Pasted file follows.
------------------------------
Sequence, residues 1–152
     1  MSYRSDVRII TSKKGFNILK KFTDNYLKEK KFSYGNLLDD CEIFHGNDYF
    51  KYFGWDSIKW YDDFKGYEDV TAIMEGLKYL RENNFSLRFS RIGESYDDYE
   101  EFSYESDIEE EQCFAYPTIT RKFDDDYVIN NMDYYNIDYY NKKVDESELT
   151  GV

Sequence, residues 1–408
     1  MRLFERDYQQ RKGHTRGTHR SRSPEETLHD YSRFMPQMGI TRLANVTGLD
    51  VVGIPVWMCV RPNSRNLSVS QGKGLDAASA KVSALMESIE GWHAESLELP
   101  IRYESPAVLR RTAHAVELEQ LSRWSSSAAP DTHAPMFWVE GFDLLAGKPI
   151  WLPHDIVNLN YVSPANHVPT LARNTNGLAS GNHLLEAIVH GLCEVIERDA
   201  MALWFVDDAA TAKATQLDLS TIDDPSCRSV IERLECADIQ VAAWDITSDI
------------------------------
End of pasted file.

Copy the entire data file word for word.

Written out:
Sequence, residues 1–152
     1  MSYRSDVRII TSKKGFNILK KFTDNYLKEK KFSYGNLLDD CEIFHGNDYF
    51  KYFGWDSIKW YDDFKGYEDV TAIMEGLKYL RENNFSLRFS RIGESYDDYE
   101  EFSYESDIEE EQCFAYPTIT RKFDDDYVIN NMDYYNIDYY NKKVDESELT
   151  GV

Sequence, residues 1–408
     1  MRLFERDYQQ RKGHTRGTHR SRSPEETLHD YSRFMPQMGI TRLANVTGLD
    51  VVGIPVWMCV RPNSRNLSVS QGKGLDAASA KVSALMESIE GWHAESLELP
   101  IRYESPAVLR RTAHAVELEQ LSRWSSSAAP DTHAPMFWVE GFDLLAGKPI
   151  WLPHDIVNLN YVSPANHVPT LARNTNGLAS GNHLLEAIVH GLCEVIERDA
   201  MALWFVDDAA TAKATQLDLS TIDDPSCRSV IERLECADIQ VAAWDITSDI